All of the self-analysis I’ve had to do for school and for DVRT point to one common theme: one of my biggest obstacles to helping is an almost crippling fear, but as time passes, my fear is melting away. One of my best friends is in town for the holidays right now and I was able to spend yesterday afternoon with him. I was on call last night, so we got to talking a little about that and he asked me a few questions, the most important of which was “are you still afraid when you go out onto calls?” My answer surprised me, really, because back in September it seemed like I would never get there, but I can say, honestly, that unless I’m getting called into the hospital, the answer is: no. I am not afraid anymore. Do I get apprehensive as I knock on a door? Does my heart break more often than I’d like when I’m talking to survivors? Do I still leave sometimes and wish I had said or done something different? Yes, yes, resoundingly yes. But I’m not afraid going in anymore. The difference between then and now is that now, I know that whatever happens, I can do it. I can get in and do some good, no matter how small. Which is a pretty good feeling.

It’s not really the end of the journey, though, like I thought it would be. I thought I would be afraid the entire time until I got to be A Good Counselor (whatever that means??) and then I would suddenly stop being afraid. Like so much else… this is wrong. I guess I can’t explain what’s different? Experience? Having had a chance to see the potential I do possess? The knowledge that I’m going to keep learning, refining, and getting better?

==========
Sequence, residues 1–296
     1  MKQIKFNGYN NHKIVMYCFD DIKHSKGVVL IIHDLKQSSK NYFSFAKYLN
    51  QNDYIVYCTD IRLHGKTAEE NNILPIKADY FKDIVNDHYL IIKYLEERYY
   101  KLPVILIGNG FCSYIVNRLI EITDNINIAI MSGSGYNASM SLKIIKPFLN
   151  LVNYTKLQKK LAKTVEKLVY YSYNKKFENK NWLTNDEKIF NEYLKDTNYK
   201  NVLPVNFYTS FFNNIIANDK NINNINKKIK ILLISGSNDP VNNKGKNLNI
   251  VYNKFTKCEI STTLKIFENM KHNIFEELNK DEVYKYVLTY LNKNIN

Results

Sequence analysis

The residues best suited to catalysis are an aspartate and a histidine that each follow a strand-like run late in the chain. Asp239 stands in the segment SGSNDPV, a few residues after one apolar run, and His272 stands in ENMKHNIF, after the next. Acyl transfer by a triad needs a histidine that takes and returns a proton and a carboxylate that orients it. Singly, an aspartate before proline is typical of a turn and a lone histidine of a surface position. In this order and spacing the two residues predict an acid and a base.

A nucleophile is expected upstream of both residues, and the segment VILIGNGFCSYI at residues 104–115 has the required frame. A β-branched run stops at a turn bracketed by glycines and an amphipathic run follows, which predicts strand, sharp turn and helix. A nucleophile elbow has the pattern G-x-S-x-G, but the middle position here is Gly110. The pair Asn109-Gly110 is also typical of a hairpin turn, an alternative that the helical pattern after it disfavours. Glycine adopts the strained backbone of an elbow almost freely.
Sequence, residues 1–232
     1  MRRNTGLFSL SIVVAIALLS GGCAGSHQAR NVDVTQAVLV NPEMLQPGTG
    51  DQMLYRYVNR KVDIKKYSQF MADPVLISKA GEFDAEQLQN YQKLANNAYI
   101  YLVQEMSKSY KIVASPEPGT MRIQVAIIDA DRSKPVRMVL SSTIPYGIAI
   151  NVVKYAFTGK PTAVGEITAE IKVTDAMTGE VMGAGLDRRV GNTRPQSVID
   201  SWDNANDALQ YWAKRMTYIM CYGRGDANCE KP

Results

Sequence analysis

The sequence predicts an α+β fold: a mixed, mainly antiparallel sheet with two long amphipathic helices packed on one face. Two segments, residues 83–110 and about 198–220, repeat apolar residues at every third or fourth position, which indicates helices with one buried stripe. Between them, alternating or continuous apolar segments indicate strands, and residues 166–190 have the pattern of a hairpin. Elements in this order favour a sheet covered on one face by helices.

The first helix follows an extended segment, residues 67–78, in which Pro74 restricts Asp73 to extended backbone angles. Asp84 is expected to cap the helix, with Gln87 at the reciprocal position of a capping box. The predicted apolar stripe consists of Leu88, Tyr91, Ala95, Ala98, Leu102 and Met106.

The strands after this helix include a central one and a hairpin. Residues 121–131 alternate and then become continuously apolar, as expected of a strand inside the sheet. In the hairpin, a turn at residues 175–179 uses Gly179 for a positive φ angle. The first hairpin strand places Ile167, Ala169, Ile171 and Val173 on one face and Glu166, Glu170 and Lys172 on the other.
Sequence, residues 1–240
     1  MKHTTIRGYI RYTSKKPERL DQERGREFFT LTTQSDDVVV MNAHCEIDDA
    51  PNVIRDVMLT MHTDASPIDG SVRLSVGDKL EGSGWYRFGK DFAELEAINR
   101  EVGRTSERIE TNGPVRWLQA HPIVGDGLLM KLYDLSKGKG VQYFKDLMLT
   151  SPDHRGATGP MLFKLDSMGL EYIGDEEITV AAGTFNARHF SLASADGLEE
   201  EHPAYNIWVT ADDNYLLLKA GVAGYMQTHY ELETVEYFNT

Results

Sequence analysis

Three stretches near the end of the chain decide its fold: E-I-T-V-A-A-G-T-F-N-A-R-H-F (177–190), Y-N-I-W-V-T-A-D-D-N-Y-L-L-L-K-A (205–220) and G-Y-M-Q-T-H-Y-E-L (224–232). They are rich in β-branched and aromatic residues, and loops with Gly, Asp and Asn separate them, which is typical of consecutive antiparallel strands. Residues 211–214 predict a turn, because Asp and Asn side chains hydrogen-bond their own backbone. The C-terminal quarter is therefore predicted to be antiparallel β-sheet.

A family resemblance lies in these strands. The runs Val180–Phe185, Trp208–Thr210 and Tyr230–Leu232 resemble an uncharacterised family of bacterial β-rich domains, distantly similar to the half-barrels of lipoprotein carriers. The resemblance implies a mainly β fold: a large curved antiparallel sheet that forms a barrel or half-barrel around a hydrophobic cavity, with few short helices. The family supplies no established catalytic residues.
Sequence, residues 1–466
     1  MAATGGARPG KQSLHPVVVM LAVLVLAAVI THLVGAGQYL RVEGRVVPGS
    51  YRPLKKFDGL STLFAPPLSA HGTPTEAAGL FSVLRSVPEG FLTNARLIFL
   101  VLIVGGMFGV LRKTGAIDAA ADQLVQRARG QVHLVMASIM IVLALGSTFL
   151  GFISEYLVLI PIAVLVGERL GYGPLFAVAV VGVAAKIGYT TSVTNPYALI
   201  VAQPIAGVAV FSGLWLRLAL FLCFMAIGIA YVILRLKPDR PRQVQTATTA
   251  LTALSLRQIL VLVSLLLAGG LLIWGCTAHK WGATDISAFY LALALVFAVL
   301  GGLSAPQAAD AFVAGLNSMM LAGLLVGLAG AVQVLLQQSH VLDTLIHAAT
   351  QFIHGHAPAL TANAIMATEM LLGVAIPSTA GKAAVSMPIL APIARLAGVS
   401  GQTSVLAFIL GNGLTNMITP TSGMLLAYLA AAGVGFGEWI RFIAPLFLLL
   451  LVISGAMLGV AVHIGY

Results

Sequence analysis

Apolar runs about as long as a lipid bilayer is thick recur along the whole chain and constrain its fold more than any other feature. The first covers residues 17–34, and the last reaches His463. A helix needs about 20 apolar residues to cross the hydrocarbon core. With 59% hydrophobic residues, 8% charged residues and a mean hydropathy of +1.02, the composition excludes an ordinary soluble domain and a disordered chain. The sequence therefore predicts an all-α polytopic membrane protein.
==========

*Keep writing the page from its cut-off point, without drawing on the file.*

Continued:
My basic skills class ended on Wednesday, and as part of the final class we had to give oral presentations. The last bit was an instruction to talk for a minute or so about “a topic of your choice related to professional helping” so obviously I chose to talk about river stones? (If you are wondering what the heck is my problem/how I am allowed to leave my house, I can tell you that you are not the only one/I don’t know.) Anyway, the deal with river stones is that they are pretty normal rocks (nothing special, nothing gem-y, just rocks that are in the right place at the right time) and through some intricate series of events, they wind up being transported down the length of a river. By the end of their journey, which is at times stressful and turbulent and which winds up taking them very, very far from where they’ve started, they are smooth and round, all their edges sanded off. You can actually tell generally how far a stone has traveled by its general shape.

Obviously my love for both metaphors and rocks has kept me coming back to this idea every time I feel like throwing my hands up and admitting defeat. I can’t express how many times I have sat at my desk and thought, river stone, river stone, river stone, as I decide to stumble through another assignment or another call. Another encounter, another rough edge gone.